+++ Crisis-hit Japanese carmaker NISSAN said it had trimmed its annual net loss but warned its outlook remained clouded by the global chip shortage that has hit the auto industry. The firm has faced a series of trials, from weak demand during the pandemic to the fallout from the arrest of former boss Carlos Ghosn, now an international fugitive after jumping bail and fleeing Japan. Nissan said it narrowed its net loss to 448.7 billion yen ($4.1 billion) for the fiscal year to March, from losses of 671.2 billion yen a year earlier, beating its own forecast. For the current year, Nissan expects to stay in the red but move closer to profitability, projecting a net loss of 60 billion yen. The firm also forecast stronger sales for the current fiscal year, steadily recovering from the impact of the coronavirus pandemic. “However, there is continued business risk due to semiconductor supply shortage and raw material price hike in this fiscal year”, it said in a statement. Even as vaccine rollouts put the end of the pandemic within sight for the hard-hit auto sector, it is battling a chip shortage driven by a surge in demand for electronic devices during lockdowns. Supply disruptions including a fire at a Japanese factory, an extreme cold snap in the United States and a drought in Taiwan have compounded the mismatch between demand and availability. Semiconductors are a key component in modern cars and the supply shortage has prompted Nissan to reduce production at home and furlough around 800 workers in Britain, Japanese media reports said. Nissan has said its production has been affected but declined to provide details. “Nissan is on the path to recovery”, Satoru Takada, an auto analyst at Tokyo-based research and consulting firm TIW, told before the results were released. “But the semiconductor shortage and growing shipping costs could pour cold water on its recovery”. The group’s strategy of trying to cut sales incentives, which tend to lead to discounts and squeeze overall profit, has paid off, Takada said. Sales fell 20.4 % to 7.9 trillion yen in 2020-21 but are forecast to rise to 9.1 trillion yen in the current fiscal year. Volkswagen last week said the chip shortage has hurt production and would have a “more significant impact” in coming months, while Ford expects the supply crunch to halve second-quarter auto production, with the issue possibly not resolved until 2022. “Semiconductor supplies are expected to remain tight for now, because the global economic recovery from the coronavirus pandemic should further boost chip demand in many sectors”, Yasuo Imanaka, chief analyst at Rakuten Securities, told. Nissan’s recovery has been slower than that of its rivals, as the firm struggled with growing sales costs and the ongoing saga surrounding its former chief Ghosn. +++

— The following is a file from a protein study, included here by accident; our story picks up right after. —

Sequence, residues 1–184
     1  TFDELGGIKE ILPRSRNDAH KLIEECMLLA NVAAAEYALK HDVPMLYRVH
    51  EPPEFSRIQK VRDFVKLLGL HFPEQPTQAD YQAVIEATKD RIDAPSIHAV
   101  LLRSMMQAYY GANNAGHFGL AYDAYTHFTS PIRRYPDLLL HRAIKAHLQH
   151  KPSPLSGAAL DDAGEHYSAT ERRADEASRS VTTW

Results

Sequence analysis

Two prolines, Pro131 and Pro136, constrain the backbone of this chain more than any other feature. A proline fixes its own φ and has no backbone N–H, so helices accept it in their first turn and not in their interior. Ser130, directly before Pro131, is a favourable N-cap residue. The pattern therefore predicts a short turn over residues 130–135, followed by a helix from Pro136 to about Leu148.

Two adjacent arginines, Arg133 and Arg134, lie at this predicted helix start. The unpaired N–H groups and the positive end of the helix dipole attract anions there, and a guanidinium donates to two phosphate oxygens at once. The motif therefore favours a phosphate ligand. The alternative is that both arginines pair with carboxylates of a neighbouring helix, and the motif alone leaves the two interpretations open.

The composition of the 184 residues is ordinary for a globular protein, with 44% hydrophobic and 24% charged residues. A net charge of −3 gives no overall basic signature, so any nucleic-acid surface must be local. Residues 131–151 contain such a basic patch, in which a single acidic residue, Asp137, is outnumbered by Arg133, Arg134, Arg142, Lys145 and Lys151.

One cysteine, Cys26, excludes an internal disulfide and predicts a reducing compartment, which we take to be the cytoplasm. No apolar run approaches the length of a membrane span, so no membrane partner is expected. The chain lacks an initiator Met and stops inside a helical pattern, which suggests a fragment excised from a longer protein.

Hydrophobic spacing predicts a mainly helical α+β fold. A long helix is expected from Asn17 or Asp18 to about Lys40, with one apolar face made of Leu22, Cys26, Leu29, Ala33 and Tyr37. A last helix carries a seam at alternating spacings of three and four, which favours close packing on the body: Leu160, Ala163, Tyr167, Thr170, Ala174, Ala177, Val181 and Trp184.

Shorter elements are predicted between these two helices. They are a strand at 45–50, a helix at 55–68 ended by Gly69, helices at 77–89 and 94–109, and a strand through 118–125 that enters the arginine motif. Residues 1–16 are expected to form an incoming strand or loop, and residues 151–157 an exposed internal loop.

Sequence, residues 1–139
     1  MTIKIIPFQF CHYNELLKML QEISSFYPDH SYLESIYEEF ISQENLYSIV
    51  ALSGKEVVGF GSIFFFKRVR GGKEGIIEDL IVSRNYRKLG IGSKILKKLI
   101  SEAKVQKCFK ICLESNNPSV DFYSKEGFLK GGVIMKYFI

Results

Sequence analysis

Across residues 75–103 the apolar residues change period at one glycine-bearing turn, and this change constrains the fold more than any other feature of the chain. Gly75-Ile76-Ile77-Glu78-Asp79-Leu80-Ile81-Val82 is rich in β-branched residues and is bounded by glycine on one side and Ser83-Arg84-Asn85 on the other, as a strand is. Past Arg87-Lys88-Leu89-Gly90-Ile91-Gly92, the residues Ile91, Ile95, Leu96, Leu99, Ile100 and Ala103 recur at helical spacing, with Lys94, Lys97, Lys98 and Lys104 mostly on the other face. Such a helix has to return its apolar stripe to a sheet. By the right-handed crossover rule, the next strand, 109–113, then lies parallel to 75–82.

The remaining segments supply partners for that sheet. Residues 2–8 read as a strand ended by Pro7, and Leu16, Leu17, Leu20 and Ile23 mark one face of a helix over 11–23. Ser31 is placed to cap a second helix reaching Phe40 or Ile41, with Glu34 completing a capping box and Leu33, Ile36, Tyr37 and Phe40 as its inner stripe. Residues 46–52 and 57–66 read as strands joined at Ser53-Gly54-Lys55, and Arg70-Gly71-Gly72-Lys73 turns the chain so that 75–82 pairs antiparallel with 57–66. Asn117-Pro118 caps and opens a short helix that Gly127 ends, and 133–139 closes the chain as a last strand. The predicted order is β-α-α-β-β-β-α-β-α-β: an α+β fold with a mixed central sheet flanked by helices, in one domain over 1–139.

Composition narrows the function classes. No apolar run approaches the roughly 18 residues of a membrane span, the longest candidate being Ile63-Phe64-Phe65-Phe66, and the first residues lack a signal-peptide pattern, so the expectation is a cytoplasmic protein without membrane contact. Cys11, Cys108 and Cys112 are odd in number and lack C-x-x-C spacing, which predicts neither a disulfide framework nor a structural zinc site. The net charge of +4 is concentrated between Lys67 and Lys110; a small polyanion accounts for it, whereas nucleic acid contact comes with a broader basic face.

+++ Elon Musk said on Friday that TESLA was close to establishing a presence in Russia and was looking at whether it could open factories there. Addressing an event in Russia via video link, Musk said the company already had production sites in China and the United States, but was looking at opening production facilities in other parts of the world. The Russian Ministry of Industry and Trade invited Musk to Russia. “Dear @Elonmusk, we were delighted to learn that you are considering building a factory in Russia. By the way, we have a number of state support measures for local OEMs (Original Equipment Manufacturers). Come to see us, we’ll talk about it:)”, it said on social media in English. Russian small private carmaker Zetta is designing an electric car and plans to launch production this year. The auto industry in Russia, a global oil and gas exporter, has no successful electric car projects at present and analysts see slim prospects in the near future, primarily due to poor charging infrastructure. +++